Transportation, Thai Style
With reasonably priced internal flights and reliable train and bus service, getting around Thailand can be efficient and straightforward. Taxis are often happy to travel distances of around 160 km (100 miles), and you can hire a car and driver for a fraction of what it would cost back home. But several quirkier modes of transport have true local color (though sometimes not much regard for safety).
The slim longtail boat gets its name from the huge V8 car engine that protrudes on an elongated pole from the back of the craft. Catch one of these brightly colored, 40-foot monsters to navigate the river in Bangkok for a bumpy, noisy, and exhilarating ride. When the going gets choppy, passengers huddle behind plastic sheeting. Garlands wrapped around the prow, dedicated to Mae Yanang, the goddess of travel, are also there for your protection.
In cities there are so many motorcycles skittering between cars it seems every resident must own one. And no wonder: in the gridlocked traffic they're often the only way to get anywhere on time. Consequently, people frequently abandon taxis or cars and hop on motorcycle taxis (called "motorcy"), the drivers of which are notorious for two things: shady dealings and scary driving. Yet it's not uncommon to see entire families piled helmetless on a single vehicle. Women passengers usually ride sidesaddle, with both hands clasped between their knees to preserve modesty—a balancing act of high skill and great faith.
The quaint samlor (literally meaning "three wheels") is a variation on a rickshaw: the driver pedals a three-wheeled bicycle, pulling an open carriage with room for two in back. It's a slow, quiet, and cheap way to travel short distances, and samlors are still common on the streets of provincial towns. Often, street vendors will attach the carriage to the front of the vehicle instead of the back and use it to display their wares.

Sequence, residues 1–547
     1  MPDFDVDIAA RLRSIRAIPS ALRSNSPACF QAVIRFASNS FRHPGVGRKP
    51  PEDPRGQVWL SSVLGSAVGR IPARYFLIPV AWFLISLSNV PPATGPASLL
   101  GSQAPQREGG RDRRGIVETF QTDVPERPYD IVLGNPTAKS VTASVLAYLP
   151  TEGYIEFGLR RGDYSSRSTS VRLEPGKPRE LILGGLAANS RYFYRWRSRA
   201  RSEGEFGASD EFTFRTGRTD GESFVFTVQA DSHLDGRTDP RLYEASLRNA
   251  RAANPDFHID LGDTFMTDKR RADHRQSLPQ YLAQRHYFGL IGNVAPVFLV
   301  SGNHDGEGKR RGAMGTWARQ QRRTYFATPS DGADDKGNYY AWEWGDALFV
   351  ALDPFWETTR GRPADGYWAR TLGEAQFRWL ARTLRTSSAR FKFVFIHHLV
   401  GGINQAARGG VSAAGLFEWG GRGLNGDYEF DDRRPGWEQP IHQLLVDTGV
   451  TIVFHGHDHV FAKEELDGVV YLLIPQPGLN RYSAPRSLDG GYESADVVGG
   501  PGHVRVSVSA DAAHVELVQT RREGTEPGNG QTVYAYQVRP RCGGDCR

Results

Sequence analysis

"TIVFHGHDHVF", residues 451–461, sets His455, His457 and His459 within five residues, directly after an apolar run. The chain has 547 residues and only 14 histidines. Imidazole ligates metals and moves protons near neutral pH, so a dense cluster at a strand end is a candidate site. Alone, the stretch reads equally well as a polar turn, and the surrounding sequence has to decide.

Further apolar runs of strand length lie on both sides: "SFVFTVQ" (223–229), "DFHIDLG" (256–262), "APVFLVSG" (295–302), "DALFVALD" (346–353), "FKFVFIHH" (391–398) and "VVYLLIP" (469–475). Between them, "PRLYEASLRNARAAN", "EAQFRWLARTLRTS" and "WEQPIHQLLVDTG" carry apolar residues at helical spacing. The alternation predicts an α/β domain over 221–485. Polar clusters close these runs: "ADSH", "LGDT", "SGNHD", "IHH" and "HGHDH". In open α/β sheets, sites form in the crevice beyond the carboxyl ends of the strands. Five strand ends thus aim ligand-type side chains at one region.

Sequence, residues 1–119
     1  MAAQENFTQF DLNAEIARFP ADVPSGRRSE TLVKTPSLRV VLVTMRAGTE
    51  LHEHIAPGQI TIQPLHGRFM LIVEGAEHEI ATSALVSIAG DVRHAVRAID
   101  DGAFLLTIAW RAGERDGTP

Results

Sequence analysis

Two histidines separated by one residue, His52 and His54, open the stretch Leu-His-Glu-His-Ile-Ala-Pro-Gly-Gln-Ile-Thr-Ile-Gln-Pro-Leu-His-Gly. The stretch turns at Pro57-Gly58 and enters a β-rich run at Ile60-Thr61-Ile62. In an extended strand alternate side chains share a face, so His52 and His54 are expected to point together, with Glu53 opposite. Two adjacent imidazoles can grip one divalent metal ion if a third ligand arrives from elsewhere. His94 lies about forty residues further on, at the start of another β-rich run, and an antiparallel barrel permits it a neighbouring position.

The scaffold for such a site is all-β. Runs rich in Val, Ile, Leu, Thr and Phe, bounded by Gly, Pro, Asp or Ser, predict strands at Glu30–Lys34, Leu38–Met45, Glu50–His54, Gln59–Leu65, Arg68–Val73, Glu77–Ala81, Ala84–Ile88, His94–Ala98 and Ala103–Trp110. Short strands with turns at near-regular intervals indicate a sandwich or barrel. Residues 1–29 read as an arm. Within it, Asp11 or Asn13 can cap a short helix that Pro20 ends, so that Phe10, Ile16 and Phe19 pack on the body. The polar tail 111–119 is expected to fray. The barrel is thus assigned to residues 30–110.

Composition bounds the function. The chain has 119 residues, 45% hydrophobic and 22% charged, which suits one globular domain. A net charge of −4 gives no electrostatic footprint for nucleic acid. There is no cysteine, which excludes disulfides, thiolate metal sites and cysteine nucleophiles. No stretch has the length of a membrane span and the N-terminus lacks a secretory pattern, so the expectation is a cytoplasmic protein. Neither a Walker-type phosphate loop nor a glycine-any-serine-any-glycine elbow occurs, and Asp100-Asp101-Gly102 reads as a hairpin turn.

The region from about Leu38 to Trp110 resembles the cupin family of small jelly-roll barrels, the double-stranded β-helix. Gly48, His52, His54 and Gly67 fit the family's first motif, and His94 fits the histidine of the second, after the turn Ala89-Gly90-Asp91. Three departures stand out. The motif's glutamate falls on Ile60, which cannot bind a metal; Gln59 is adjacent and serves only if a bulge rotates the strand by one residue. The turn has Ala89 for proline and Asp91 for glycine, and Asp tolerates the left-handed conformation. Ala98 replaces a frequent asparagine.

Songthaews are converted pickup trucks with two benches in the back and a metal roof. Thais ride songthaews both within a town and between towns. They aren't cheaper than local buses, but they are more frequent and will sometimes drive slightly out of their way to drop you nearer your destination. Just stick out your hand as one passes, negotiate a price, and climb in back. Songthaews are often packed, and if all the seats are taken, Thais will just climb on the back and hang onto the railings. It's a bumpy ride on rural roads; for longer trips, you'll be more comfortable on the bus.
Although the tuk-tuk is practically Thailand's icon, it is in fact a Japanese import. This three-wheeled motorized taxi with open sides is a logical progression from the samlor. It's an atmospheric—that is, fume-filled, hot, and noisy—way to get around city streets, and a more pleasant ride on rural lanes, although you have to hunker down in the seat to actually see much, and you'll definitely feel every bump in the road. Tuk-tuks come in a variety of styles, including bullet-nosed models in Ayutthaya, elongated "hot rods" on the Eastern Gulf, and elevated versions nicknamed "Skylabs" in the northeast.
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